Taxpayers group weighs in on primaries

CHICAGO—National Taxpayers United of Illinois (NTU), the largest taxpayer group in the state, released its 10th non-partisan Tax Survey of the Illinois General Assembly, revealing the tax and spending records of every member of the 92nd General Assembly from January 2001 to January 2003.

While the 92nd General Assembly was in session, from Fiscal Year 2001 to FY 2002, the state budget increased 8 percent, or nearly $4 billion from $48.7 billion to $52.6 billion. Total state spending in FY 2003 leapt $4 billion, or 6 percent, from total spending in FY 2002. To feed the massive spending increases, legislators in Springfield approved $610 million worth of state tax hikes.

Forty-three House politicians and 34 politicians in the Senate voted for all three state tax increases, a statewide increase in local phone taxes and both statewide property tax-hike bills. One of the property tax-hike bills, SB1171, would have raised property taxes statewide up to $1.2 billion without referenda. SB1171 was defeated by NTU in the state Senate.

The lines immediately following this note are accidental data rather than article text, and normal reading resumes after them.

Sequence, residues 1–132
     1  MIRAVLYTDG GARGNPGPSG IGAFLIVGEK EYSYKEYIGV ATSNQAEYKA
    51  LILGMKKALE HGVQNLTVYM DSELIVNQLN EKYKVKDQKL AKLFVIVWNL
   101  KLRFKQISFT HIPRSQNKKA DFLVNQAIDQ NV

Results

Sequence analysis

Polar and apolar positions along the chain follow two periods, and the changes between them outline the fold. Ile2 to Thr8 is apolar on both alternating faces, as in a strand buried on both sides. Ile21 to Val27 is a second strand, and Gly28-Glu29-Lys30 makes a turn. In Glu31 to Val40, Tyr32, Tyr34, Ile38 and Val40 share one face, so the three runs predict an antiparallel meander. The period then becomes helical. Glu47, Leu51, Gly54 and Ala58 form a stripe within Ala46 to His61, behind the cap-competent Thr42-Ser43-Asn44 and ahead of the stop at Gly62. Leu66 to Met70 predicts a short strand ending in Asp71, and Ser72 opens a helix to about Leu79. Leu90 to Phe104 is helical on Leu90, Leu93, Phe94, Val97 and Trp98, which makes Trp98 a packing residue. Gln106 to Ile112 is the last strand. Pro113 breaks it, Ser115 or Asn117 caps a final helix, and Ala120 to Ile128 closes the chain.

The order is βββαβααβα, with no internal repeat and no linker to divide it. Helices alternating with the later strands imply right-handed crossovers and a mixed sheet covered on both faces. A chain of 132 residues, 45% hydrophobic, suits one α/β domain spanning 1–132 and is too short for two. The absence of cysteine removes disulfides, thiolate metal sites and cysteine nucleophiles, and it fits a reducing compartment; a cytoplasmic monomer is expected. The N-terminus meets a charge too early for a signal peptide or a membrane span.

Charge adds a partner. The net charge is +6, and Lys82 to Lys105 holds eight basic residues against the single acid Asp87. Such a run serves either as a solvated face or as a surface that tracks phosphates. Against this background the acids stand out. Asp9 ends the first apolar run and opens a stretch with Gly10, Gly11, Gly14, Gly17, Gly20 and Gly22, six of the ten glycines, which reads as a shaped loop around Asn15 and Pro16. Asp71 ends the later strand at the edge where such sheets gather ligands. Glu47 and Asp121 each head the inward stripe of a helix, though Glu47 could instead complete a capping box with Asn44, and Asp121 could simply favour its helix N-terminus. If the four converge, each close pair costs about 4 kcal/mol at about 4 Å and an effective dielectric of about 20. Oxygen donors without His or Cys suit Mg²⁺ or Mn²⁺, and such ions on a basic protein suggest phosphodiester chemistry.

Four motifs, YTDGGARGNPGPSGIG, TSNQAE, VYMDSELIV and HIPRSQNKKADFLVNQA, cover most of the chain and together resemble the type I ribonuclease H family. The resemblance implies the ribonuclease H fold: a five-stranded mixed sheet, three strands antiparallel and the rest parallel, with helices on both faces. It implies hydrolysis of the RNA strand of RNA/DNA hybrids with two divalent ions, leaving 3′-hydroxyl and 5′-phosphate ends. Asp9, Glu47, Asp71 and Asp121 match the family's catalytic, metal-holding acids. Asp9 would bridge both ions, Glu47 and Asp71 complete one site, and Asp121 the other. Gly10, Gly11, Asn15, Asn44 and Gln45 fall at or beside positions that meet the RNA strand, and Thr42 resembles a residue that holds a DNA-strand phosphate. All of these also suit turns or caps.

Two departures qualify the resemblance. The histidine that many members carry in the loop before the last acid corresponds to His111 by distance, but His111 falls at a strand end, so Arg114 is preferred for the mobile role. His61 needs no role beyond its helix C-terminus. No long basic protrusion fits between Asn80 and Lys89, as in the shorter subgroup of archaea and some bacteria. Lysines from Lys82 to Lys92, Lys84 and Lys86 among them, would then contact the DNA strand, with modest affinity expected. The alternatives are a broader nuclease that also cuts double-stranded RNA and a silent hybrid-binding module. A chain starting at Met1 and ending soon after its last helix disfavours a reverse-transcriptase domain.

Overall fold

Rep. Jonathan Wright (R-90, Lincoln), a candidate for U.S. Senate in the March 16 Republican Primary, was among the Taxpayers’ Friends in the House. Meanwhile, state Senators Barack Obama (D-13, Chicago), and Steve Rauschenberger (R-33, Elgin), who are running in the Democratic and Republican primaries for U.S. Senate, respectively, earned spots on the Taxpayers’ Enemies list. Rauschenberger voted for two of the three state tax hikes, increasing the burden on taxpayers by $480 million annually. He was also the sole Sen. sponsor of SB88, the Local Telecom Tax Shell Game bill, that costs Illinois taxpayers an extra $240 million per year in local utility taxes.

The scoring methodology of this survey has remained unchanged since NTU published its first non-partisan Tax Survey of the 83rd General Assembly in 1983. All significant tax-increase, tax-cut and spending bills are included in the Survey.

Legislators voting for each of the tax-increase and spending bills receive a score of zero percent, while legislators voting against all tax hikes and new spending earn a score of 100 percent.

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